by D.B. Seagraves (Donny Bailey Seagraves)
The bats were a symbol of his greatest gift — his love.
There was already a touch of fall in the air on that late summer day when Grandfather grinned and whispered in my ear, “Are you too old for one of my bats?”
At 23, I did feel too old as I watched Grandfather retrieve a baseball bat from its hiding place behind the door. Closing my fingers around the cool, yellow wood, I accepted Grandfather’s gift with mumbled thanks.
It was the last bat he ever gave me, the final link in the chain of a grandfather-granddaughter tradition that stretched back to my early childhood. As a lifelong employee of hanna Batrite Company, one of only three bat-manufacturing firms in the world, my grandfather was allowed several complimentary bats each year. He always passed those fits on to the people he loved.
I don’t remember the first bat Grandfather gave me, but every summer the bats got bigger and taller, just as I did. Some years, I got a long, slim baseball bat; other years, a wide softball bat. Sometimes the wood was polished to a fine, mellow glow. Other times, my bat was finished with a dull brown or black stain. But my grandfather’s bats all had one thing in common every year: They all wore the Hanna Batrite trademark, embossed deeply into their wood.
That Hanna Batrite trademark was embossed deeply into my grandfather as well. He worked at Hanna’s for over 50 years, doing the same job, day in and day out. Shuffling through endless wood shavings and breathing in air laced with pungent vapors of varnish and shellac, Grandfather took great pride in making sure that the intricate bat-making machinery never stopped producing Hanna Batrite bats.
“Hanna bats are the best in the world,” he used to say. “Many famous hands have gripped Hanna Batrite handles and smacked home runs over fences. Many games have been won and lost with Hanna’s bats, in crowded baseball stadiums and in children’s backyards.”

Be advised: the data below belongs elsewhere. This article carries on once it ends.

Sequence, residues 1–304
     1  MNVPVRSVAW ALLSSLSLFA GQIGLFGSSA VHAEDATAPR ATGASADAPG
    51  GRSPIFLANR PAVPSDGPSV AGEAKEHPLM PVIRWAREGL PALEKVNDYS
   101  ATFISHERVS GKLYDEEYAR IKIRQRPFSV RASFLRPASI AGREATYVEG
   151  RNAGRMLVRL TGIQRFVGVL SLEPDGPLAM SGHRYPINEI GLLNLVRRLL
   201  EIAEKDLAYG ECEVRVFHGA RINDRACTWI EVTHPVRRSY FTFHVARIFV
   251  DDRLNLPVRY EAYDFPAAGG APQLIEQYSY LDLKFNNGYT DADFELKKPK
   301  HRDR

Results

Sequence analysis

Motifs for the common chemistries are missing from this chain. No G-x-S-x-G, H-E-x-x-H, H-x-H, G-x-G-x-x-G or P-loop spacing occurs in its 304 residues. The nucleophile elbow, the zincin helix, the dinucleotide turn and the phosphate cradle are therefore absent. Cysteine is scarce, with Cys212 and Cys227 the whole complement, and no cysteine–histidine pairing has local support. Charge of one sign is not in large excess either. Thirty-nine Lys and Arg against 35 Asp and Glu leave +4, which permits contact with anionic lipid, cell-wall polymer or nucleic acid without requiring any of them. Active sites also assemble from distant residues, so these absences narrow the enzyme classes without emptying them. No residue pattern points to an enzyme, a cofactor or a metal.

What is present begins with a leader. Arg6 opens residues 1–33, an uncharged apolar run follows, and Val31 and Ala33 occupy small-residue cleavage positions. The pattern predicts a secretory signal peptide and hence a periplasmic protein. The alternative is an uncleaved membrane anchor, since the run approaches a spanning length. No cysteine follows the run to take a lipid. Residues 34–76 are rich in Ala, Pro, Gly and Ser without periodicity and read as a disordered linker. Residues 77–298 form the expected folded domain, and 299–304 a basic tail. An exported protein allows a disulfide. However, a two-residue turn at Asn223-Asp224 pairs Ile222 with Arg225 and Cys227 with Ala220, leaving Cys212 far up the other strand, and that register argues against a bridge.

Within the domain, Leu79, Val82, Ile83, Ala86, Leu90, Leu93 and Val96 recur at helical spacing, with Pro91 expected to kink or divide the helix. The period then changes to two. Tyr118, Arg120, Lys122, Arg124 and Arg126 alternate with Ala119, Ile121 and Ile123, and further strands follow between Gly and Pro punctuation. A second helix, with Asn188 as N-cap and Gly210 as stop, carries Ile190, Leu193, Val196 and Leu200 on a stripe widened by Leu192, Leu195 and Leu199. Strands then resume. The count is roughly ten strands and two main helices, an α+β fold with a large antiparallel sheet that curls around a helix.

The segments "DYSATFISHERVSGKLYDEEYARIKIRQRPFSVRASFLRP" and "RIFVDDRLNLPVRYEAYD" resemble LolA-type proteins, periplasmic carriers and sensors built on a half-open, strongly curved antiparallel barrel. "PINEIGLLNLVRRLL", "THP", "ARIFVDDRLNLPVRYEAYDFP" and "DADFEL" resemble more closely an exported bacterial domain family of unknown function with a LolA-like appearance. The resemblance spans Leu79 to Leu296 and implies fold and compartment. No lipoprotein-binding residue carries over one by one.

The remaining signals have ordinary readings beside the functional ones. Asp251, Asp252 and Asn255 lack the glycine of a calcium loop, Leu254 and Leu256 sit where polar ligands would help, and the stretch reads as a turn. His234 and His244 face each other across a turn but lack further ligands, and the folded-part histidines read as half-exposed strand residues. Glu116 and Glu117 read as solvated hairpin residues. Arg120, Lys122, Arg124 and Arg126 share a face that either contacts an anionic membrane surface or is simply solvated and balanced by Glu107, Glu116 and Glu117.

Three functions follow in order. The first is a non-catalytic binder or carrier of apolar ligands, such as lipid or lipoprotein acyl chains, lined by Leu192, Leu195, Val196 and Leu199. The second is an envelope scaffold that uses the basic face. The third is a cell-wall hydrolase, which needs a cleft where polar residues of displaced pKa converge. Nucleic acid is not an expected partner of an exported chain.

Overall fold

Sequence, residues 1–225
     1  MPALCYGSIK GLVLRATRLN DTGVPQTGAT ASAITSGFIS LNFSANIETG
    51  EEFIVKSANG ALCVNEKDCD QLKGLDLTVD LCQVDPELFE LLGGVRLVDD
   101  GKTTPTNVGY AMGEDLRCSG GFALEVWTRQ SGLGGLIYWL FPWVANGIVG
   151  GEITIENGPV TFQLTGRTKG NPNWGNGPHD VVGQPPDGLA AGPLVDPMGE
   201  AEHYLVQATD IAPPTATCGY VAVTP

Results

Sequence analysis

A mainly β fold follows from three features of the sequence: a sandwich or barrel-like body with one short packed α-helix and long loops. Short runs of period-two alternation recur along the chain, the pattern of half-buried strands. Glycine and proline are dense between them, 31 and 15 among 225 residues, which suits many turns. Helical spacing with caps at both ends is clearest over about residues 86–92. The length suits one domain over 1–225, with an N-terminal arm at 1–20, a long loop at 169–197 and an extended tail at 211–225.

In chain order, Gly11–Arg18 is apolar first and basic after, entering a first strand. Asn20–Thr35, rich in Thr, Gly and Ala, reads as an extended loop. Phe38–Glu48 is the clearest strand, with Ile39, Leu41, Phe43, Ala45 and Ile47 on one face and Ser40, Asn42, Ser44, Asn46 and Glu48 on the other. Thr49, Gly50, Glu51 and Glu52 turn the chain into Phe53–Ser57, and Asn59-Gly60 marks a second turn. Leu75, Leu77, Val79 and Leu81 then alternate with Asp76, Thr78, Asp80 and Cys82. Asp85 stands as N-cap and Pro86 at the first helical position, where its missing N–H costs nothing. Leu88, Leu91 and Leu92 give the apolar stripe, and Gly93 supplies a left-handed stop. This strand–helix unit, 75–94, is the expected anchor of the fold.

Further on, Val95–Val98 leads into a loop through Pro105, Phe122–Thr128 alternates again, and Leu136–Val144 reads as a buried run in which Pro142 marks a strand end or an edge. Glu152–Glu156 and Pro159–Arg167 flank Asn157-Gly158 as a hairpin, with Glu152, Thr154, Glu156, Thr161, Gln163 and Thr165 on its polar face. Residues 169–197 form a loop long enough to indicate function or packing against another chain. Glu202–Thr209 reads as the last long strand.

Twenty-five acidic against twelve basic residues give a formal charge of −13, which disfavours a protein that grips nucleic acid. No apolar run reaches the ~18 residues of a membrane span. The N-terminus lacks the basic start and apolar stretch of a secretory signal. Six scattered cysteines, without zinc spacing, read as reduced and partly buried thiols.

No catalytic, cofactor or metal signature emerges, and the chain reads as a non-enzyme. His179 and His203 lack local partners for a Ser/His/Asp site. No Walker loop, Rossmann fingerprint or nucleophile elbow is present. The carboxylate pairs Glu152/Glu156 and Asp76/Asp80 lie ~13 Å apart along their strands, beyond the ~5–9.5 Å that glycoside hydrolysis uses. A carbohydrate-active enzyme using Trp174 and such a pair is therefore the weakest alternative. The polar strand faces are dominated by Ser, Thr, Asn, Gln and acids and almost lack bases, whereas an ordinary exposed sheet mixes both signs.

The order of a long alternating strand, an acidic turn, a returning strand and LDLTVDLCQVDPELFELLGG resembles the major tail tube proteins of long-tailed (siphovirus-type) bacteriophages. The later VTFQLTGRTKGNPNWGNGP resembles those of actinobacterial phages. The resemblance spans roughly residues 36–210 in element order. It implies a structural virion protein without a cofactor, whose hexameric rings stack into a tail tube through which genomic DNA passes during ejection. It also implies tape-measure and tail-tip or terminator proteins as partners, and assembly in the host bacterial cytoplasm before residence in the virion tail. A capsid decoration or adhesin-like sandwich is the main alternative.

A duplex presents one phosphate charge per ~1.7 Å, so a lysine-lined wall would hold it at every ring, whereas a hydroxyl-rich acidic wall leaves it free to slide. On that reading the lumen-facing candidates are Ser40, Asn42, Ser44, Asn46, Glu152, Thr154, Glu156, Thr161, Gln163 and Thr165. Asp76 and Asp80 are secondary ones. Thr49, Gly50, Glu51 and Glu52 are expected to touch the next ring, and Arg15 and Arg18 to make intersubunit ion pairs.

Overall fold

In the dusty backyard of my childhood, I would line up my vast collection of Hanna bats across the parched summer grass. Glancing from tallest to smallest, I would select a weapon. Then, facing the woods, I would toss a ball high in the air and knock it clear across the pine trees, into the sky. I never played on a professional baseball team, but I did hit plenty of imaginary homers with my grandfather’s bats.
I left most of my grandfather’s bats behind in my parents’ basement when I grew up and moved away to take my rightful place in the serious world of adults. My musty collection of nicked and dented baseball and softball bats seemed a bit heavy to lug through the many games that grownups play.
But n ow that I’m older and my grandfather and Hanna’s are gone, I know the true value of Grandfather’s bats. I know that my grandfather made bats so that others could make home runs. He couldn’t give me wealth or an easy life. His name was not embossed in those previous wooden offerings he placed in my hands every summer of my childhood. But his love was always there. How could I ever be too old for that?
This article appeared in the September 1992 issue of Mature Living.
For more articles by Donny Bailey Seagraves, head over to the Writing page.